Introduction Understand what text analysis is and how scholars are using it in their research. Recognize research questions that may lend themselves to text analysis methods.
Gathering Textual Data Differentiate the various ways textual data can be acquired and evaluate textual data providers. Build a textual dataset and run a web scraping script.
Working with Textual Data Distinguish cleaning and/or manipulating data as a part of the text analysis workflow. Clean text data files using a Python script and/or OpenRefine.
Analyzing Textual Data Recognize the advantages and constraints of web-based text analysis tools and programming solutions. Run a web-based text analysis algorithm and extract token frequencies from a dataset.
Visualizing Textual Data Identify data visualization as a component of data-driven analysis. Practice exploratory data analysis using different tools for visualization.

Table 1: Learning and Skill-Building Goals for DDRF Curriculum

We chose to use a modular format for the curriculum, so that the workshops could be adjusted for different settings. Some modules have been further broken down into "beginner" and "advanced" lessons, improving the flexibility of the teaching materials. In the second round of pilot workshops, we found that the partner institutions were interested in rearranging the content to suit their audiences. Some chose to teach the modules in order from one to five, while others taught the beginner lessons of multiple modules before moving on to the advanced lessons.


3.2 Teaching

We have now taught several iterations of the curriculum via pilot workshops at each of the partner institutions. The workshops have been open to librarians, library paraprofessionals, and students in library and information science departments. We have seen strong interest in the workshops from across the library: for all of the fall 2016 workshops combined, 32% of attendees self-reported as reference librarians, 21% as technical services librarians, 21% as "other" types of librarians, and 16% as digital humanities or digital scholarship librarians.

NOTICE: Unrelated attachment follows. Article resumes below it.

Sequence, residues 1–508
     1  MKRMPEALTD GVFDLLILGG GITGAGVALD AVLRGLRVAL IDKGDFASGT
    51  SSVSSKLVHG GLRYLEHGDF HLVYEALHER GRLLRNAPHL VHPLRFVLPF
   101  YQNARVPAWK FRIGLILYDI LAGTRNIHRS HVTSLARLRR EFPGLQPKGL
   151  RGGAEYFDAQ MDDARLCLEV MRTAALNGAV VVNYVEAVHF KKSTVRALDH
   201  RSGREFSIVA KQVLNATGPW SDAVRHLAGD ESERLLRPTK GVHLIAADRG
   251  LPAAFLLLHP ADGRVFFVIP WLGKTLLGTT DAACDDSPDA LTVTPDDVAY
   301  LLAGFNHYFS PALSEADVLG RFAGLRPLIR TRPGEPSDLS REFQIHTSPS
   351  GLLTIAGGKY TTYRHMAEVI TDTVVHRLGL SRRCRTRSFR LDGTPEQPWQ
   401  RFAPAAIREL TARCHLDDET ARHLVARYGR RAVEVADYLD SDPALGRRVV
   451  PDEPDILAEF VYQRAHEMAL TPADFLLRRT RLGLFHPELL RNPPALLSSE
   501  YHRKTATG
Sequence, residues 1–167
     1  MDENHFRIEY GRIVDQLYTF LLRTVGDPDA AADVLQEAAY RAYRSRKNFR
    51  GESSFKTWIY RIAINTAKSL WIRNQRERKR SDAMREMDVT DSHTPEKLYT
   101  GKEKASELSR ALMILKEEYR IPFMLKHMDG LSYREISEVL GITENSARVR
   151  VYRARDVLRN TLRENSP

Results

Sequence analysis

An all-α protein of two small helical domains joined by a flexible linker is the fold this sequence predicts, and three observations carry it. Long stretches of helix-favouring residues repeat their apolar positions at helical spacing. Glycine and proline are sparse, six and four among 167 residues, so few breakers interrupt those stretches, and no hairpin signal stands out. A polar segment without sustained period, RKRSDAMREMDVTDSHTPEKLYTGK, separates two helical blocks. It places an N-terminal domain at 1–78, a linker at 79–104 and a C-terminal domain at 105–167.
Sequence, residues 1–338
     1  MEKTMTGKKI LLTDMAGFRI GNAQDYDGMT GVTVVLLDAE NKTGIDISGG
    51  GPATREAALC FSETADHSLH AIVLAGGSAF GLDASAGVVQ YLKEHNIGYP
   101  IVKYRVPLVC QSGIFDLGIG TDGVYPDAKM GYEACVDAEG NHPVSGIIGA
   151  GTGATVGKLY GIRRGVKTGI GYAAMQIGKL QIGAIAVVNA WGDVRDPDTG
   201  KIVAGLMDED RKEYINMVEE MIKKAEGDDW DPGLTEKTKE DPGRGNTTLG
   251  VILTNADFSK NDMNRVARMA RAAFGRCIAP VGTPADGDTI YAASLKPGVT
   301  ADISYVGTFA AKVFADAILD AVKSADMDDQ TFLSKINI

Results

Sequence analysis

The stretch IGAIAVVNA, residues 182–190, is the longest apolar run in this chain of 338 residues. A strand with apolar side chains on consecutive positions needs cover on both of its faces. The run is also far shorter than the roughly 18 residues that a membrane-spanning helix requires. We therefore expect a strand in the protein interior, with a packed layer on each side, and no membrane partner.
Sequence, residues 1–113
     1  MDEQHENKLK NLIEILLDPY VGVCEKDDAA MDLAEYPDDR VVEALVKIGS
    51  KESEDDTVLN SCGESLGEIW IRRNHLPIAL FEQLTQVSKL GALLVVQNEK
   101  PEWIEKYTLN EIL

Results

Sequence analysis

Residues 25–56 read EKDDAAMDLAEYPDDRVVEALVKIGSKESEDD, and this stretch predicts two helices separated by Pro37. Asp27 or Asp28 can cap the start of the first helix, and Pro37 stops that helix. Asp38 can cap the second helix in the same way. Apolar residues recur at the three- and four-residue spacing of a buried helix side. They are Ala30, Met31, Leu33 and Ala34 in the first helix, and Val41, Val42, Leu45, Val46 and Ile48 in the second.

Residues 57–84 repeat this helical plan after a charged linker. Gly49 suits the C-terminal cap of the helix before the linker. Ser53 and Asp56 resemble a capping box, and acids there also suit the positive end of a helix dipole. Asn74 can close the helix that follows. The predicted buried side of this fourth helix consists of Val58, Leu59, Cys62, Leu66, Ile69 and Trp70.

Between each round of pilot workshops, the project team reviewed and updated the curriculum, based both on the attendees' evaluations and also in part on the experiences of the partner instructors teaching the materials. The feedback from the project partners has revealed that it can be challenging to learn, digest, and teach materials that others have developed. In such cases, instructors found it helpful to team-teach the workshop so that the instructor team was better able to grasp the materials and answer attendee questions. Making it easier for others to pick-up and teach the curriculum is one of our goals for the coming year. To this end, we are drafting in-depth instructor guides for each module that define vocabulary terms, outline the key points that should be addressed, and provide a slide-by-slide script from which the presenter can read.

An important component of our strategy thus far has been to limit technological barriers to participating in the workshop. The activities deployed in several of the modules involve the participants executing Python programs to complete a task. Properly setting up a programming environment can take considerable time, especially in a workshop setting and when using machines in a computer lab. When possible, we have explored web-based tools for programming, such as PythonAnywhere, that allow participants to complete activities no matter what their operating system and without configuring their computer. We came to this decision by evaluating our learning goals and determining what aspects of the code-based activity was most important to meeting our objectives. We determined that streamlining the technical activities through web-based programming platforms lowers the cognitive load of learning a new concept, and allows attendees to focus on what happens when they run a script as opposed to the nuances of their programming environment.